Canavan disease is a progressive, fatal neurological disorder that begins in infancy. It is caused by an inherited genetic abnormality: the lack of an essential enzyme causes deterioration of the white matter (myelin) in the brain, thereby preventing the proper transmission of nerve signals.
Symptoms of Canavan disease vary, but generally include rapidly increasing head circumference, lack of head control, reduced visual responsiveness and abnormal muscle tone such as stiffness or floppiness. Children with Canavan disease cannot crawl, walk, sit or talk. Over time they may suffer seizures, become paralyzed, developmentally delayed or blind and have trouble swallowing. Deafness may also result.
Symptoms usually become apparent when the infant is three to nine months old. Many children do not live past age 10. At the present time there is no cure for Canavan disease. Treatment involves managing the symptoms.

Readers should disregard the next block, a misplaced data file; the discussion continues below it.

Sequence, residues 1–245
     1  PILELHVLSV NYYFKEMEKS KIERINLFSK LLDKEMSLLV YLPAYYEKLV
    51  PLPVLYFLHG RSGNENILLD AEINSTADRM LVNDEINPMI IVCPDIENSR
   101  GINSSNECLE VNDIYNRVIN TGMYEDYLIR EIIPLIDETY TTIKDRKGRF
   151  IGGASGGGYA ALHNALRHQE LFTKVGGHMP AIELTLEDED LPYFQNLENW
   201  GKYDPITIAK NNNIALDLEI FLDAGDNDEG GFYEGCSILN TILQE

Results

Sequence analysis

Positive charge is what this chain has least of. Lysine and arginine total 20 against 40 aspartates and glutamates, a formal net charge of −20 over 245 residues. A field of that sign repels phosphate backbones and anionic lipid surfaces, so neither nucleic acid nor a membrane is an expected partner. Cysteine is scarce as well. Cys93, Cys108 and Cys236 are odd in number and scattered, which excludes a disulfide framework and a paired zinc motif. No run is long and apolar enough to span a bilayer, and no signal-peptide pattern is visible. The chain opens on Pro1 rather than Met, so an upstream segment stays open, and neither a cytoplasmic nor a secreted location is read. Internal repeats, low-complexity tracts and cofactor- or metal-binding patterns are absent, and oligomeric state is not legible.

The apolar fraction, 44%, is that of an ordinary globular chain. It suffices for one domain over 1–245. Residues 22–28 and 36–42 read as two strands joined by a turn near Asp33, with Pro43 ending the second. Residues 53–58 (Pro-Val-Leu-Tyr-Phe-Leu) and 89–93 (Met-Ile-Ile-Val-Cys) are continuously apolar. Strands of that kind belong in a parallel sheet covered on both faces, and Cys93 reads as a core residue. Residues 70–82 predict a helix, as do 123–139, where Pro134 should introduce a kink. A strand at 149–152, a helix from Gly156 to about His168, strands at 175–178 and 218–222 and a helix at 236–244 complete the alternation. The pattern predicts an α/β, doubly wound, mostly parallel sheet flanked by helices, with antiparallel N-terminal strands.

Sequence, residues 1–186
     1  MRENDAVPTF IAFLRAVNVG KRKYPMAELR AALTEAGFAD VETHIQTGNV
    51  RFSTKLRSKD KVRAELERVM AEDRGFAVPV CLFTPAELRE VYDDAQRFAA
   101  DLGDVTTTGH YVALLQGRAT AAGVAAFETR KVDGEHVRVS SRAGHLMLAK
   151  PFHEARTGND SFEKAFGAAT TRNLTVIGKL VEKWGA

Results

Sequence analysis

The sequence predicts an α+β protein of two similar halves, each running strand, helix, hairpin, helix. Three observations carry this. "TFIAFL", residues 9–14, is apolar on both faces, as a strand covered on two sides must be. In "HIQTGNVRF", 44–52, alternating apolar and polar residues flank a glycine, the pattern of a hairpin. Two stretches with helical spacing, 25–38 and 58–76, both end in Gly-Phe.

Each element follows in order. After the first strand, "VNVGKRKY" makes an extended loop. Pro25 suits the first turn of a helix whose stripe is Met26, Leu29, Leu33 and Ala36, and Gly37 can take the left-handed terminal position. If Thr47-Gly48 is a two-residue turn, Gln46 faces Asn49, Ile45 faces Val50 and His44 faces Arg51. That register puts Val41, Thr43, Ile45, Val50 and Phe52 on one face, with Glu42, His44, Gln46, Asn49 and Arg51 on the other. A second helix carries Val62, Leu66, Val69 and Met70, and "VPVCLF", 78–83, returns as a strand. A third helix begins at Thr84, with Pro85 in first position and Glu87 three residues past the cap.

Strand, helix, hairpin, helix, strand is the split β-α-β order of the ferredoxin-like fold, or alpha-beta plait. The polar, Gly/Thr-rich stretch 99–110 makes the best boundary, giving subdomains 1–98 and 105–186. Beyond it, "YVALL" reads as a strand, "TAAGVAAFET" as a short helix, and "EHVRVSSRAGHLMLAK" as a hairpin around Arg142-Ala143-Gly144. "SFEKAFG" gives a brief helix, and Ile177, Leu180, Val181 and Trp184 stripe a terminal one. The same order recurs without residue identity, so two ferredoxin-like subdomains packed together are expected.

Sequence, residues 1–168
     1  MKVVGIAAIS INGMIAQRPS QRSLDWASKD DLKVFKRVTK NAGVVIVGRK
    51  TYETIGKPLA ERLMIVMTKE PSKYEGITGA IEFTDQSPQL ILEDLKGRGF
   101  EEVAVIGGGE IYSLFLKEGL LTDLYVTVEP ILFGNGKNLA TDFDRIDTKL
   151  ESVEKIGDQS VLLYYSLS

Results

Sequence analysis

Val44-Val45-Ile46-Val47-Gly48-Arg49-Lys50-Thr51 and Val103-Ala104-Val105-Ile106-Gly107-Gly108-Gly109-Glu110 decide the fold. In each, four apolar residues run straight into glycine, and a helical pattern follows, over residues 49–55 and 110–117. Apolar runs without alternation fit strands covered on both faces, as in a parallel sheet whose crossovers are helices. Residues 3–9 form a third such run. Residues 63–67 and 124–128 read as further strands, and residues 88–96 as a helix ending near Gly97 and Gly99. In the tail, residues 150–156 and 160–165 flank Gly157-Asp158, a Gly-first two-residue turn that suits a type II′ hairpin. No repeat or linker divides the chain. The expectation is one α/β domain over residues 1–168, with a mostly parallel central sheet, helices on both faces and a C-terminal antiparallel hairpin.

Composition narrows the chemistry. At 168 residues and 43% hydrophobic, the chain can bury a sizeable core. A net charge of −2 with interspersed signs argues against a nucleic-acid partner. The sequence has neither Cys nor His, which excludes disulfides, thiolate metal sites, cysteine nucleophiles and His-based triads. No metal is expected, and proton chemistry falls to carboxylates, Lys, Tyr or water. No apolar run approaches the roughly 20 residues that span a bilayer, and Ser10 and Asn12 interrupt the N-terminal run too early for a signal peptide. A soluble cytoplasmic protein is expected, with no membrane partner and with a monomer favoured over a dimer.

Canavan disease is found most often in persons of Ashkenazi (German and Eastern European) Jewish ancestry. It is estimated that 1 in 40 Ashkenazi Jews is a carrier of the Canavan gene. It is also found in other ethnic groups. In fact, thanks to the success of ongoing screening programs in the Jewish population, most of the children born with Canavan disease today have no known Jewish heritage.
The NIH Genetics Home Reference site has further scientific information on Canavan disease with extensive links to other scientific and medical sites.